Diack: 'Outrageous' to tear down Olympic stadium

IAAF President Lamine Diack on Thursday issued his strongest criticism yet a proposal to tear down London's Olympic Stadium after the 2012 Summer Games and replace it with a soccer venue with no running track, calling it "outrageous."

Premier League clubs Tottenham and West Ham are bidding to use the stadium site after the Olympics, but only West Ham would keep the track used for athletics. Tottenham wants to level the stadium and build a new soccer-specific venue.

The teams' proposals were put in doubt Thursday when the Olympic Park Legacy Company told The Associated Press it could still go ahead with its original plan to downsize the stadium to a 25,000-seat athletics venue if neither bid was deemed "viable."

Diack then reiterated his criticism of the plans and urged London organizers to stick to their original promise.

"To now demolish the Olympic stadium, throwing away the original 500-million-pound investment of public money seems to me an outrageous proposition, especially in the present world economic climate," Diack said in a statement. "Instead, let us keep London's promise alive and leave an athletics legacy at the venue with a top football club as a valued partner."

Both Tottenham and West Ham must submit their final plans for the stadium to the Olympic Park Legacy Company on Friday. West Ham's plan involves rebuilding the stadium and reducing seating from 80,000 to 60,000, while keeping the running track.

If the OPLC board rejects the soccer team bids, it would have to reopen the search for a tenant. The 25,000-seat design is the only option that already has planning permission.

Diack said the pledge to maintain the $853 million stadium, which is still being constructed, as an athletics venue was part of the reason London was awarded the games.

"This promise was not a footnote of London's bid — it was a core policy of their presentation to convince the Olympic family of their exciting, viable legacy plans," he said. "There is no doubt that this commitment played its part in the UK winning the right to host the 2012 games."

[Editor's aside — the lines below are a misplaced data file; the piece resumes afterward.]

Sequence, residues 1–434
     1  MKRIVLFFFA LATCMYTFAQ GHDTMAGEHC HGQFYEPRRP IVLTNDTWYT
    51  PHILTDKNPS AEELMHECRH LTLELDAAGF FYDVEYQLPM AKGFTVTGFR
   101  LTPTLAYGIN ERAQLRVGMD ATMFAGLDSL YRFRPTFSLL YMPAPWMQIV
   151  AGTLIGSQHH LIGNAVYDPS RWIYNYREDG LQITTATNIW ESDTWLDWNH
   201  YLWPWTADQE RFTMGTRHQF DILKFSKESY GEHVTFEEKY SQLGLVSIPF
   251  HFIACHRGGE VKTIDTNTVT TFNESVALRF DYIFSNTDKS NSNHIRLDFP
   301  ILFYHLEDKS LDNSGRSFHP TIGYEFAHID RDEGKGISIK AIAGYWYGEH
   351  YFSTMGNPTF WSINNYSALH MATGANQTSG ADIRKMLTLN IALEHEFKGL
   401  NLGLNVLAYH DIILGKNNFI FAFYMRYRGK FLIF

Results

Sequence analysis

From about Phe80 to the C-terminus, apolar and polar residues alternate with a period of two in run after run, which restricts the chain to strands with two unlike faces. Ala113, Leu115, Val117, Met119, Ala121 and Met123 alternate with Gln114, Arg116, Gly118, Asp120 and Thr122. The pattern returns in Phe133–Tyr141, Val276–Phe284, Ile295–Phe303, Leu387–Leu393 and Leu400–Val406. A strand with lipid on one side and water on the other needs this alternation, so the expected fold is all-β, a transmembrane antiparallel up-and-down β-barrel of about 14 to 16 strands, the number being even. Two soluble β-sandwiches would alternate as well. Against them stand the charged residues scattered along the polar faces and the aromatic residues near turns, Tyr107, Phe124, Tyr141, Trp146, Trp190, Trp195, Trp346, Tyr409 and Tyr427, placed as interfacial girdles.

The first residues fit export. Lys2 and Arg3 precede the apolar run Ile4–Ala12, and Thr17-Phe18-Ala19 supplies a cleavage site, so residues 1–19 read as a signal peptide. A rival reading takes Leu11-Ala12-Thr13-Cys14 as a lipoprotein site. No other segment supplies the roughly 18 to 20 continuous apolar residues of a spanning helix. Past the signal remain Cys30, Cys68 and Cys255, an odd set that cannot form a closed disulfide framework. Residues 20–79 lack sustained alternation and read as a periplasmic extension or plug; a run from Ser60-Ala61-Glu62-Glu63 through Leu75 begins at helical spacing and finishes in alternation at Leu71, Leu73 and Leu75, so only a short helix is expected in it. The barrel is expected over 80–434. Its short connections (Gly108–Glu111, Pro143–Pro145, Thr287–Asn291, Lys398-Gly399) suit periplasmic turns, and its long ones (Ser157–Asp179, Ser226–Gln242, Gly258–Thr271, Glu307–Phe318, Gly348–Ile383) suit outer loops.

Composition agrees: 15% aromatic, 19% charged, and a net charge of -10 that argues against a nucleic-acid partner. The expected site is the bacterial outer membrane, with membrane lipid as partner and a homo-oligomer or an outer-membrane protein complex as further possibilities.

Tottenham's plans have angered both its own supporters, who are unhappy that the club would be moving from north to east London, and track stars, including Olympic champion Usain Bolt.

West Ham, meanwhile, is currently at the bottom of the Premier League and facing a costly relegation to the League Championship.

Former British Olympic Association chief executive Simon Clegg has said the stadium is unsuitable for both athletics and soccer. Tottenham has produced documents showing that having a running track around the field would hamper fans' ability to see action during soccer matches, while raising questions about West Ham's ability to fill a 60,000-seat stadium if the team is relegated.

Under the original 25,000-seat design, the stadium couldn't host a world athletics championships, but the flexible design would allow the capacity could be temporarily increased.

The initial plan was for the stadium to also house a secondary school for about 500 students, the National Skills Academy for sports and leisure industries, and the English Institute of Sport.

Those plans were criticized in 2009 by the London Development Agency, which warned that the 25,000-seat stadium could become a white elephant "without a credible anchor tenant."